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Kalahari Reds are ideally suited to the harsh and outstretched conditions of large parts of South Africa (SA). In SA they are bred in harsh conditions, arid and semi-desert areas. To prevail under these conditions, animals must be sun-resistant and hardy. Over the years, a natural selection process has ensured that only the fittest animals have survived and very little artificial selection took place.
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Kalahari Red's are a distinct and separate breed of Goat (as verified by DNA testing for SA Stud Book). They are not related to the Boer Goat (don't believe anyone that tells you so) and have additional advantages to the original boer goat breed - they can enhance the tenderness of the meat, the hardiness of the animal and the camouflage and hence the survival of their kids.

Their excellent mobility allows them to walk far in search of food and water. They feed on a vast variety of plants and are resistant to disease and parasites.

Kalahari Reds are less susceptible to diseases and need to be inoculated and dosed far less than other breeds, which makes them easy to care for and less labour intensive.

The limited use of vaccines makes the production of organically produced meat possible. A further bonus is lean meat with an excellent taste and texture.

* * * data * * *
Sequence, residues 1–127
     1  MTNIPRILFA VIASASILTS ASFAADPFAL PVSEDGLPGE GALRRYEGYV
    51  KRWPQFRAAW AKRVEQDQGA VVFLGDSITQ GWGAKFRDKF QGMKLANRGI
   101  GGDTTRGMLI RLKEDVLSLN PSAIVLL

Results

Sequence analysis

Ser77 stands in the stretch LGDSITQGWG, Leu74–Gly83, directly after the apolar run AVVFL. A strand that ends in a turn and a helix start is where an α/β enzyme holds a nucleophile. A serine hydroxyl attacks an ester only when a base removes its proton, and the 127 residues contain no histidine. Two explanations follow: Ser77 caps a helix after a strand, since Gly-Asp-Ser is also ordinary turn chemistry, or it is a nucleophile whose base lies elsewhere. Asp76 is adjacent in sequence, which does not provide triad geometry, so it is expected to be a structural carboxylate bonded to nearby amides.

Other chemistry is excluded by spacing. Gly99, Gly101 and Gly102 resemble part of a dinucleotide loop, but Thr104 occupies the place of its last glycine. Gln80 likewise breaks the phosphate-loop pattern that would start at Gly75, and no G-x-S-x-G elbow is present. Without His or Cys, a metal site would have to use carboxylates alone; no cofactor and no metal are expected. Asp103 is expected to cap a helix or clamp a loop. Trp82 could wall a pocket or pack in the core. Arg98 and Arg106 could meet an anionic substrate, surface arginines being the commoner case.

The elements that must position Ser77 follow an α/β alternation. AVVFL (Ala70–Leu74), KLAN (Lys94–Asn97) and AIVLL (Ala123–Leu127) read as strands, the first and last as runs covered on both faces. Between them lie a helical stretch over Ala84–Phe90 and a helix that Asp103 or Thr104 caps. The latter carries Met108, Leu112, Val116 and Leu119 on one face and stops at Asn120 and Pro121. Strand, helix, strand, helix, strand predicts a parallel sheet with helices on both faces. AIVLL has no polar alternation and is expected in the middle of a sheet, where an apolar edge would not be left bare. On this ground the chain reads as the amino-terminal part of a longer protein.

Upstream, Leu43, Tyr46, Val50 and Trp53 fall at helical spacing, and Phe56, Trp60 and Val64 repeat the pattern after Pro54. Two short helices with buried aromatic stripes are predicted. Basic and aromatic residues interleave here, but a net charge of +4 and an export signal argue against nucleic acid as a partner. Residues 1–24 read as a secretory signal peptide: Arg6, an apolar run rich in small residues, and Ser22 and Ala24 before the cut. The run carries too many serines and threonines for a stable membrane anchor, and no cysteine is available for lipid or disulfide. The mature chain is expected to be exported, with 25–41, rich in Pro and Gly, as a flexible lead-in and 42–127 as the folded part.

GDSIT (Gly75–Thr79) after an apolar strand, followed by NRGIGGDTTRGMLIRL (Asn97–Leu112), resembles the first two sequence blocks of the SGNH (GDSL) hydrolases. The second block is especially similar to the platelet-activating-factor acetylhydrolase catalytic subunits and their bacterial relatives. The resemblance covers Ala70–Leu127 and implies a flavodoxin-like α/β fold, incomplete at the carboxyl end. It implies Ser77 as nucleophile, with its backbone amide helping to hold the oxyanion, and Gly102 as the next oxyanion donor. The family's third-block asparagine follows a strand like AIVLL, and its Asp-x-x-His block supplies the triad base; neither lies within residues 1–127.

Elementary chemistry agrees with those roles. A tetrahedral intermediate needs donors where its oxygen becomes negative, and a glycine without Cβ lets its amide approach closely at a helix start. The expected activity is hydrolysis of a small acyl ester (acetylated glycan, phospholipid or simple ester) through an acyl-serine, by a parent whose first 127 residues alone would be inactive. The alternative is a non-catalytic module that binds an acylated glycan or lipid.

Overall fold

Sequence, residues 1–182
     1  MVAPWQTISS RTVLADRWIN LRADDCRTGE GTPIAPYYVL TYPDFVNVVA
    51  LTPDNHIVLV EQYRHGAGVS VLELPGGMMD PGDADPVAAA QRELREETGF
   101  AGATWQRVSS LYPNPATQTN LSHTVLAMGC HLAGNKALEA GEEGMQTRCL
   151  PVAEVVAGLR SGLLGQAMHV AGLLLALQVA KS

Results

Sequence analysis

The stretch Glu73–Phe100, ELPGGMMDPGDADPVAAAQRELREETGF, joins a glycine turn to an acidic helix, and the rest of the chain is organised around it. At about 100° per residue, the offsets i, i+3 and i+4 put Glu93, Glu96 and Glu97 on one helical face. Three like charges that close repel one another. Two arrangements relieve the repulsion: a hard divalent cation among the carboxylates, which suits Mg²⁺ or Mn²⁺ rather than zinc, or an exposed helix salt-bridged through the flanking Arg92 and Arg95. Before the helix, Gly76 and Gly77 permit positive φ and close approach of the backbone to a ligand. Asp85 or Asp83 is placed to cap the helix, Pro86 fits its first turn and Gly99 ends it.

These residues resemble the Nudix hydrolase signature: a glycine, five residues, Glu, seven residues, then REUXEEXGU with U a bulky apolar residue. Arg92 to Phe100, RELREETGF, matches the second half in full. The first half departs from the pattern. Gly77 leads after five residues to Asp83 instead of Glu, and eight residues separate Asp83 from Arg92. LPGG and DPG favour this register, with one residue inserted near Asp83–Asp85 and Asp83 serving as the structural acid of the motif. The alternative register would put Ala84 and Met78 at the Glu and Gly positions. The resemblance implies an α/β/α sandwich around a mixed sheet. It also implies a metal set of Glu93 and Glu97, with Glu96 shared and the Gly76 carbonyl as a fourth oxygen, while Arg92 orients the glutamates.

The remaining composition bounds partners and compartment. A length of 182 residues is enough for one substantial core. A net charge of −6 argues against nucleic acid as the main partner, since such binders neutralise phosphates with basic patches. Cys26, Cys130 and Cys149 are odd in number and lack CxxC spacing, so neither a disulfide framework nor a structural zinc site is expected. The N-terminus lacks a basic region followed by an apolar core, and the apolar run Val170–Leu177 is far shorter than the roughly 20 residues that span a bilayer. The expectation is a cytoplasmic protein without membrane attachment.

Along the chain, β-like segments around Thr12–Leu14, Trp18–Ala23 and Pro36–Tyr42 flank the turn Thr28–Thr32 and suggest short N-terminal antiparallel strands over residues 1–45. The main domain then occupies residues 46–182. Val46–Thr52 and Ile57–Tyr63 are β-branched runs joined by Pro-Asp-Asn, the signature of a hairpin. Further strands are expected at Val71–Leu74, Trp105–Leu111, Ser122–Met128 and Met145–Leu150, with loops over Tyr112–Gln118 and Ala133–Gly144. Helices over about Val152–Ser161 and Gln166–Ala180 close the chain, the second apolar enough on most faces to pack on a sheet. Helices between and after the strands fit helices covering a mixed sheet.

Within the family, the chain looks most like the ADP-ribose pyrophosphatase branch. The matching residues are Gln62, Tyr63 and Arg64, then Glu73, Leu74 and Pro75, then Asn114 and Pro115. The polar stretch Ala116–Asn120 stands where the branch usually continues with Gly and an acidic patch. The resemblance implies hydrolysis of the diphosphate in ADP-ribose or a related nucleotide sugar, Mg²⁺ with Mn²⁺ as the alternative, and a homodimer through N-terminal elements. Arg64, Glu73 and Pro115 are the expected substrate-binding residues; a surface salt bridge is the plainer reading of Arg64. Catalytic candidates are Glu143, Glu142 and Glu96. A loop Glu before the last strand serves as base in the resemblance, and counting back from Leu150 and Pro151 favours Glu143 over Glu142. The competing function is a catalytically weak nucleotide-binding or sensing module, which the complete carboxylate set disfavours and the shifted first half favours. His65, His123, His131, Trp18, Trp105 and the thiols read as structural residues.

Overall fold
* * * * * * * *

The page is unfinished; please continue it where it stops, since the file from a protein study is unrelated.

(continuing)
Doe's have excellent mothering instincts and kid right in the field and raise their kids there. No labourers are needed to assist does to find their young. In SA selection is made strongly in favour of these attributes because kids that are properly cared for by their mothers will do likewise for their own progeny.

Through natural selection processes, only the fittest mothers have survived. The does are fertile and produce plenty of milk and, as a result, the kids grow fast. Breeders select for twins that are usually of equal strength.
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To prevent kid mortalities as a result of an inability to suck, breeders select specifically for well-developed and properly attached teats. Generally, newborn kids are strong and have a strong urge to suck. They herd well and animals flock together. They breed all year round and will kid three times every two years.

Kalahari Reds can be used to give indigenous goats a uniform, solid red colour, with all the unique advantages that this brings. Their earthy colour provides a good camouflage that protects them from predators. White kids would be seen easily by foxes, pigs and eagles.
They are fully pigmented and, therefore, able to endure heat and strong sunshine. Their dark coats and long ears provide good heat resistance and will, therefore, feed for longer during the heat of the day, which ultimately means higher weight gains.

The commercial goat farmer can cross-breed Kalahari Reds to improve the carcass mass of indigenous goats. This means more meat per hectare.

They are tall and long, which gives them excellent mobility. As they are taller than most other goats they can take advantage of more feed. Their carcass size is similar to the SA Boer goat.

The average weight of a buck is as much as 115kg, while does reach 75kg. Kids grow fast. In Australia, young kids show weight gains of 1.5kg per week, with some even exceeding 400g per day.

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